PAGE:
There’s more than one kind of hybrid vehicle. But most people only know about electric hybrids that use batteries.
The U.S. Department of Energy has poured several billion dollars into helping companies develop advanced lithium-ion batteries. But to hear Chrysler CEO Sergio Marchionne describe the effort, that's tantamount to picking a technology winner, before the race is finished.
The big problem with advanced batteries, says Marchionne, is they're really expensive. A big battery can increase the cost of a vehicle by a third.
"And I don’t think we should prejudice the discussion by saying electrics are the answer," Marchionne said at a press event held at the U.S. Environmental Protection Agency's National Vehicle and Fuel Emissions Laboratory in Ann Arbor. "They may be part of the answer."
Enter hydraulic hybrids. They tap into energy stored in high pressure canisters filled with fluid and nitrogen. They’re cheaper than electric hybrids, and already used in some big rigs and garbage trucks.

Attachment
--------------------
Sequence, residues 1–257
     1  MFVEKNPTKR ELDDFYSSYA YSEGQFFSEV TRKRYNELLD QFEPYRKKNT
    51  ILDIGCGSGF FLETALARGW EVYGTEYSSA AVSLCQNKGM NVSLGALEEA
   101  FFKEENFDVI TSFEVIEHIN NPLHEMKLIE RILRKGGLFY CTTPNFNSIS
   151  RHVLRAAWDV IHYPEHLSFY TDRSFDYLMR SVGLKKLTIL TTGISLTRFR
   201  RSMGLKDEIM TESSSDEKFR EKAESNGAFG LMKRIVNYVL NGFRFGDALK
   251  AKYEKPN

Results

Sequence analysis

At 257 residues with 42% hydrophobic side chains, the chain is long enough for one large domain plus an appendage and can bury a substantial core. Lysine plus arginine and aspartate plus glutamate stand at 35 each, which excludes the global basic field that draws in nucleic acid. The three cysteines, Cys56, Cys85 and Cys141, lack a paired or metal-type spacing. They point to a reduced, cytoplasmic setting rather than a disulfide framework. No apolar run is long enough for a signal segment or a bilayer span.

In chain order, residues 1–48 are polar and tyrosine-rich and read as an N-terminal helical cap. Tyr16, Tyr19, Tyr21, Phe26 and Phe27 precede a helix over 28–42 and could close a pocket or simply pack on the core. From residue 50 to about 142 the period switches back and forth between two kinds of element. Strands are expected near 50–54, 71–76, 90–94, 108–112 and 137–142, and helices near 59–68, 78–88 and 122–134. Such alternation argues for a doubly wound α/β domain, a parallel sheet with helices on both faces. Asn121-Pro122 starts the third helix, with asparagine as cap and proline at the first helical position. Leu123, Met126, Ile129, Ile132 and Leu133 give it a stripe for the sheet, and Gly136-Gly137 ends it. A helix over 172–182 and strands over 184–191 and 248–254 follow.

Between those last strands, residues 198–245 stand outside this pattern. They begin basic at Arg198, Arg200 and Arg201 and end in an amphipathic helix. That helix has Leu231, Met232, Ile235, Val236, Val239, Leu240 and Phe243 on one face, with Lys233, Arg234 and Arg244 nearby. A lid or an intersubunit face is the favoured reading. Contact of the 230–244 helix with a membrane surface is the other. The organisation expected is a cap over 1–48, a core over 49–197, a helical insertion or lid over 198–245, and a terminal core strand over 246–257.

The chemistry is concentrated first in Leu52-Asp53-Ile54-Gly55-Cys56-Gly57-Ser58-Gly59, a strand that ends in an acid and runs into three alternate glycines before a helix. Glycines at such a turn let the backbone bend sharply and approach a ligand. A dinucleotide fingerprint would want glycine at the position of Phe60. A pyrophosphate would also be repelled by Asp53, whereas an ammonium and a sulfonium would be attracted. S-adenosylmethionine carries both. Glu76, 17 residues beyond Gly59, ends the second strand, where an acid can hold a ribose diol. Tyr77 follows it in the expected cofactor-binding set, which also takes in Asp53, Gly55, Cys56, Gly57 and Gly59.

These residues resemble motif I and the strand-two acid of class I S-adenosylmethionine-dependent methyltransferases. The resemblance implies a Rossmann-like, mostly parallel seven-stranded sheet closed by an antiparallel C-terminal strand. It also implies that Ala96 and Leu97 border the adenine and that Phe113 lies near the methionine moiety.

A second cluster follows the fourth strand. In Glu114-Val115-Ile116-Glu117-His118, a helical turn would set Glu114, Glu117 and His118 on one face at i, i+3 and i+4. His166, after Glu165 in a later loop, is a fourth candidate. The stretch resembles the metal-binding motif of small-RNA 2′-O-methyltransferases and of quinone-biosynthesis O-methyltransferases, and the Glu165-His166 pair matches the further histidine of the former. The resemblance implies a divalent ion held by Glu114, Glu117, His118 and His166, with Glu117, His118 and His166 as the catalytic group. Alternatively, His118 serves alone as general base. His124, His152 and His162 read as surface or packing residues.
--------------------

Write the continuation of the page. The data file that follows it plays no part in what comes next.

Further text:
Now, using technology developed by the U.S. EPA., Chrysler will build and test a set of hydraulic hybrid minivans. The company hopes to see the same improvement in fuel efficiency as battery hybrids - about 30 to 35% - but at a much lower cost.
Don't expect to ever see a hydraulic hybrid Fiat 500, joked Marchionne. Because the systems take up so much space, they are unlikely to ever be viable in a tiny minicar, and probably could only fit in big passenger vehicles like minivans and SUVs.